Horace Greeley concluded his July 26, 1854 article on the destruction of Greytown with a demand for reparations, apologies, and the expectation that neither would come from the Pierce administration. That that situation, he advised, would find its best remedy in properly informed voting come November. Along the way, he added his voice to the congressional demand for the papers relating to the affair. When Pierce had not coughed up the papers by July 29th, Greeley presented his take on events again and took the silence as admission of guilt in an affair so notorious that
We cannot recall any other public question with regard to which there has been such unity of opinion. Journals habitually opposed on every other subject representing every shade of party feeling, every divergence of interest, and every antagonism of nationality concur to declare the destruction of San Juan a needless, unjustifiable, inhuman exercise of warlike force. Conservatives and radicals, Whigs and Democrats, Americans and Foreigners all agree in this one thing-all express the same horror and disgust. Indeed, among all the papers which have yet spoken, we know of but one, and that an obscure and scurrilous sheet in this City, which has attempted to find an excuse for the measure.
One can call Greeley a partisan hack, but one does not make that strong of a claim about the writing of other papers lightly if one expects to maintain one’s credibility. Allen Nevins quotes the passage as evidence of a broad revulsion at George N. Hollins’ destruction of the town and given the previous, I take him at his word. However openly partisan, Greeley took his paper seriously and saw it taken seriously by others. Inventing a broad disapproval where none existed would have undermined his credibility as surely as reporting that he had the moon in his pocket and just kindly let it out every night for exercise.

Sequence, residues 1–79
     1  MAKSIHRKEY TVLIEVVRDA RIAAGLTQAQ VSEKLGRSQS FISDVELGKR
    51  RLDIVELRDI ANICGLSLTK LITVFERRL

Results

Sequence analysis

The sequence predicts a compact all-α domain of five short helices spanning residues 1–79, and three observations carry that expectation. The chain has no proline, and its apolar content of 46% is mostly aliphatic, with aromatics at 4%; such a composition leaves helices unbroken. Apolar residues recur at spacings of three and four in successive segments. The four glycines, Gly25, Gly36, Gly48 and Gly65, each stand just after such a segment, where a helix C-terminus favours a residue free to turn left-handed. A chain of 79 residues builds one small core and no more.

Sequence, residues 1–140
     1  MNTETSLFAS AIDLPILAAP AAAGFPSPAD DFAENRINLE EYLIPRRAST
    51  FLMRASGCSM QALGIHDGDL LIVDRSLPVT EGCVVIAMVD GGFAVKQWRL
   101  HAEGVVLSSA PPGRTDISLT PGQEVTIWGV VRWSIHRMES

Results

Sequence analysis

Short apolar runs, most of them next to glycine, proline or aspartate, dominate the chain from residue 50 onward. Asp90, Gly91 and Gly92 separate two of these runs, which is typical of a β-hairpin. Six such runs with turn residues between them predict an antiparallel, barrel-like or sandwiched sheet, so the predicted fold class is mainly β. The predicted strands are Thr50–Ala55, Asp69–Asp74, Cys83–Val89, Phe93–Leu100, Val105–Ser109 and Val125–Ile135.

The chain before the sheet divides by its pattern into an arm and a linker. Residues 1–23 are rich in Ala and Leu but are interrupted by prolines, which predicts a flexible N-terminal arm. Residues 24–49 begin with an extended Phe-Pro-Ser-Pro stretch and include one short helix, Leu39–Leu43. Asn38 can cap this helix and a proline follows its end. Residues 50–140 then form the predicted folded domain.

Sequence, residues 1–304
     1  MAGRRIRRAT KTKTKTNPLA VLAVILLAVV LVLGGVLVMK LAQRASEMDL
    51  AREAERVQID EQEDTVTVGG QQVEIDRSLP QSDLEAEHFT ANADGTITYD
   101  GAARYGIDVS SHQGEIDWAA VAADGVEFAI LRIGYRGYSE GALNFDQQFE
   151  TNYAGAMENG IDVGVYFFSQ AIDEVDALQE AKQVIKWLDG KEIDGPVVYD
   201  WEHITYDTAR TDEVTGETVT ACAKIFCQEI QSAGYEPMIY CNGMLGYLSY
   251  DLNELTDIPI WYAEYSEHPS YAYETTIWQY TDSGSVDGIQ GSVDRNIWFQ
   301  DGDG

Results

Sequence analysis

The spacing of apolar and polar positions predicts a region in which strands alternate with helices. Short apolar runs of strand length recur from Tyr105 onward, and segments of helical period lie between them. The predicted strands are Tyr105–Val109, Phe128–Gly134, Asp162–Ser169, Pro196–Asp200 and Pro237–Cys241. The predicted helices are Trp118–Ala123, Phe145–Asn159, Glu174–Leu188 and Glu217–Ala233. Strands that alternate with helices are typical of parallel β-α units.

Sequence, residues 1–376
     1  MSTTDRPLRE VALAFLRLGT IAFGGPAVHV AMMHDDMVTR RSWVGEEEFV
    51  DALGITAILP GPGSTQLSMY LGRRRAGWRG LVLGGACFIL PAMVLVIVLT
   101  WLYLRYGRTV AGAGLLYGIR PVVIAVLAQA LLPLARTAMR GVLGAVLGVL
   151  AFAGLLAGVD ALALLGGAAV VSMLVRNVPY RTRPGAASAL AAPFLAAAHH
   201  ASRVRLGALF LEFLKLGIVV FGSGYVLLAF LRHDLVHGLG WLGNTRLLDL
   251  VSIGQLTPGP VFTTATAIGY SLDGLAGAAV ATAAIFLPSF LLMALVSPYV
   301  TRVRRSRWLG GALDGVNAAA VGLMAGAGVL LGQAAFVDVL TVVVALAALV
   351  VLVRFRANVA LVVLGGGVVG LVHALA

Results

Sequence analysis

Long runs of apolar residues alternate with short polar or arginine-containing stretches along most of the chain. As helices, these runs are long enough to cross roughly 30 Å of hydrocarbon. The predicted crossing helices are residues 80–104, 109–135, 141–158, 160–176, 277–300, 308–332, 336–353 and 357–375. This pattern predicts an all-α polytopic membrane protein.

But Pierce did eventually oblige Congress by giving up the correspondence on Greytown. Greeley dutifully printed the lot on the third of August. They did not much help the administration’s case, as Greeley saw it. He devotes most of two columns on the second to repeating his account of the affair and, with good reason, declaring himself vindicated:
They [the documents] contain nothing that in the least relieves the enormity of the transaction, nor anything that removes the responsibility of it from the Administration. It is plain, from the orders of the Secretary of the Navy to Commander Hollins that the extremity of destroying the place was contemplated by those sending the Cyane on her mission.
Greeley does allow that the orders ask Hollins to tread lightly:
“It is, however,” says the Secretary, “very much to be hoped that you can effect the purpose of your visit without resort to violence and destruction of property and loss of life.“
But note, as Greeley did, the language used. The Secretary of the Navy hopes that Hollins can complete his mission without working violence or ruin on anything or anyone. He hopes, but does not require. From this, Greeley takes that Washington foresaw the possibility of violence and counted it an acceptable, if not the preferred or ideal, outcome. James Dobbin could have written more pacific orders, specifying the use of force only in certain circumstances. He settled for a vague hope.